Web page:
Journal Watch - 2011

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  1. Simpler pill regimen needed by those using nocturnal home HD

    Among 35 people who switched from standard in-center HD to nocturnal home HD, the number of pills per day did not drop—but the regimen was much simplified—and health-related quality of life was significantly improved.

    Read the abstract » | (added 03/30/2011)

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  2. Benefits of switching from 3x/week in-center HD to 6x/week home HD

    Among 11 people who switched treatments, blood pressure dropped, hemoglobin levels rose (with lower ESA doses), the calcium-phosphorus product dropped (with no change in binder doses), and BMI and serum albumin levels went up. We are so not surprised!

    Read the abstract » | (added 03/30/2011)

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  3. AAKP's study of patient satisfaction with kidney education and dialysis (hint: not so good)

    977 patients completed a 46-item survey asking about satisfaction with current treatment for kidney failure and education on a scale of 1–10 (with 1 low). Standard in-center HD rated 4.5. PD rated 5.2, home HD was 5.5, and transplant was 6.1. About 31% of participants felt the treatment options were not equally and fairly presented, and 32% had not been educated about home HD.

    Read the abstract » | (added 03/30/2011)

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  4. Better fluid removal with icodextrin PD fluid - Meta-analysis

    A new study of 9 randomized controlled trials has found that people using icodextrin removed much more water than those using glucose based fluid—with no change in residual kidney function or increase in peritonitis or death. Rash was more common in those using icodextrin.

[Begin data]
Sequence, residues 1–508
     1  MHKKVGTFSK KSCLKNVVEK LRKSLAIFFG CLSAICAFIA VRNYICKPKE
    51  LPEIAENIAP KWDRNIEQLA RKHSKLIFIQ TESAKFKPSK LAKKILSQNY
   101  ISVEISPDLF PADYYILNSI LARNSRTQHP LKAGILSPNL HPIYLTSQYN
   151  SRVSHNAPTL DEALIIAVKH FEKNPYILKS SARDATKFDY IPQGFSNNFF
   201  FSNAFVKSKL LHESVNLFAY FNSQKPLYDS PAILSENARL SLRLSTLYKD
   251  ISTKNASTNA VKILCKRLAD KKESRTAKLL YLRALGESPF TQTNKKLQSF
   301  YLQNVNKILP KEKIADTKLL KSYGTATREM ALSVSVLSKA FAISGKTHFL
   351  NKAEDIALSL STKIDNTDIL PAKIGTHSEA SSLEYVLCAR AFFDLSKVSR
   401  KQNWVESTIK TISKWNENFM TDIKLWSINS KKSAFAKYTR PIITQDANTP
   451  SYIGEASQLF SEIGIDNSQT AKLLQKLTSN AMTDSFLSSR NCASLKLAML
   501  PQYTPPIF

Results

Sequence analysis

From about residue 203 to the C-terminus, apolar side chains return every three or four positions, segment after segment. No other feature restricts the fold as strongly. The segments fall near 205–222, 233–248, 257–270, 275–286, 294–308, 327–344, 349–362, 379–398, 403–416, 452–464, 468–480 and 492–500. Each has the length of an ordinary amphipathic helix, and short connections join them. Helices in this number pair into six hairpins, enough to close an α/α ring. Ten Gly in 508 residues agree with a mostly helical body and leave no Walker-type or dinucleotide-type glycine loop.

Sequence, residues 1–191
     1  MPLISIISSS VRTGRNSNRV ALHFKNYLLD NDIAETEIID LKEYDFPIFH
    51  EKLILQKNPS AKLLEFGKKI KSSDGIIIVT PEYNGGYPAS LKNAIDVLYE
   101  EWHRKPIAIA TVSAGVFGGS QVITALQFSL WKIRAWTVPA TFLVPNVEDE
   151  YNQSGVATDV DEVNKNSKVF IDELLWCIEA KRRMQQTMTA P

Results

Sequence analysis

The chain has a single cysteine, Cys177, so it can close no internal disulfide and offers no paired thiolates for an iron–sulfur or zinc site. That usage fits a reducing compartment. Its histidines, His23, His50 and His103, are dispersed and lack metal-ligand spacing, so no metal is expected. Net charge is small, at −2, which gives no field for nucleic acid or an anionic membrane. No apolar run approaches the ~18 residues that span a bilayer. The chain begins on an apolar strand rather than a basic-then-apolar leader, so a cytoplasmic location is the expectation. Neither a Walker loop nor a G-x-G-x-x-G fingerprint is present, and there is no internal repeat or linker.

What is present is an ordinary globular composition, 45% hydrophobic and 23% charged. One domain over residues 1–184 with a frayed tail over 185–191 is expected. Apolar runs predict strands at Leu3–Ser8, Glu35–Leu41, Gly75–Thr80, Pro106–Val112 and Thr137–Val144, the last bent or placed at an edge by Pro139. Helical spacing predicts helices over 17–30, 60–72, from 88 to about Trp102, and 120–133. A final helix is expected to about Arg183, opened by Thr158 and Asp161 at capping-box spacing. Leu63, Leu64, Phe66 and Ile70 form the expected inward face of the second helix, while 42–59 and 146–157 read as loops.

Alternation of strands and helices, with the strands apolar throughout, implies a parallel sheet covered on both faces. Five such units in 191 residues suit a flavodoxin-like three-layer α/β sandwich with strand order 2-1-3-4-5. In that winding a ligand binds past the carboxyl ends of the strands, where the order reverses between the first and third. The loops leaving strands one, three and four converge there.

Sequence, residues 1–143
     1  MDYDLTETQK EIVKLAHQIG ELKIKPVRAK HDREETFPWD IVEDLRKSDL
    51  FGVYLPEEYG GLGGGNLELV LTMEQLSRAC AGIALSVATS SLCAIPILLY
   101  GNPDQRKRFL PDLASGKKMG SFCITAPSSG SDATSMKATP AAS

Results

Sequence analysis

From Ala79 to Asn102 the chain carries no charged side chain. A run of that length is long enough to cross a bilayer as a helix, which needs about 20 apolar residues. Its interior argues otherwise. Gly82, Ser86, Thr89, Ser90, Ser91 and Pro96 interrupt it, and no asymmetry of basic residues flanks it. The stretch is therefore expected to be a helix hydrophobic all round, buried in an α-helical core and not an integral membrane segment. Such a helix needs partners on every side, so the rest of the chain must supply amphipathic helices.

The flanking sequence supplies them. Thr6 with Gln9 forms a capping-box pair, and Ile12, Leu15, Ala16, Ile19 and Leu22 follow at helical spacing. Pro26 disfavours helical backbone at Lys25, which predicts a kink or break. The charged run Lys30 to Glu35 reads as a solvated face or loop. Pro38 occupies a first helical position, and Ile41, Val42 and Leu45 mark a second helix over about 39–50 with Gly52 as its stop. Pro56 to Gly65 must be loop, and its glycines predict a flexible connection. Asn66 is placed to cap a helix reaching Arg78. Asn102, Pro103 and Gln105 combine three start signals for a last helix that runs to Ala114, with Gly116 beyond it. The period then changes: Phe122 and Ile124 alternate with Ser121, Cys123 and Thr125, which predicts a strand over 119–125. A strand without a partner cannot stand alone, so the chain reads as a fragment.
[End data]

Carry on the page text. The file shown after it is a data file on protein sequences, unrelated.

Read the abstract » | (added 03/30/2011)

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  5. PD (vs. in-center HD) and less bad breath

    After 3 months on PD, 42 people in a new study had more saliva—and less bad breath.

    Read the abstract » | (added 03/30/2011)

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  6. PD doesn't zap your heart

    "Myocardial stunning" occurs in HD due to brief periods of not enough blood flow to the heart muscle. Over time, as this happens over and over, it can cause heart damage. In a small study (just 10 people') looking at heart muscles, PD exchanges did not reduce blood flow to the heart—so, no stunning occurred.

    Read the abstract » | (added 02/24/2011)

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  7. Fungal peritonitis (FP)? Take catheter out sooner rather than later

    FP is a rare but serious problem on PD—and it can be lethal. A new study of 94 cases found that survival was nearly 3 times better when the infected catheter was removed within 24 hours of diagnosis.

    Read the abstract » | (added 02/24/2011)

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  8. Future of the artificial kidney

    Learn the latest on futuristic dialysis with wearable and miniaturized devices!

    Read the abstract » | (added 02/24/2011)

    Tags: Chronic Kidney Disease

  9. Naturally higher red blood cell counts do NOT reduce survival

    It never made sense to us that a "normal" hemoglobin level would somehow become harmful in kidney failure. And, in fact, it's not the Hgb itself that causes harm. A new DOPPS study of 545 people on dialysis whose Hgbs were normal without ESA drugs found no difference in survival.

    Read the abstract » | (added 02/24/2011)

    Tags: Chronic Kidney Disease

  10. TPA reduces HD catheter infections by 50%

    Heparin is put into HD catheters after each use to prevent blood clots. Researchers replaced it with a clot-busting drug used for strokes—TPA—at one treatment per week. The new routine reduced catheter infections. (Hmmm. Is heparin sterile? What if TPA was used at ALL HD treatments?)

    Read the abstract » | (added 02/24/2011)

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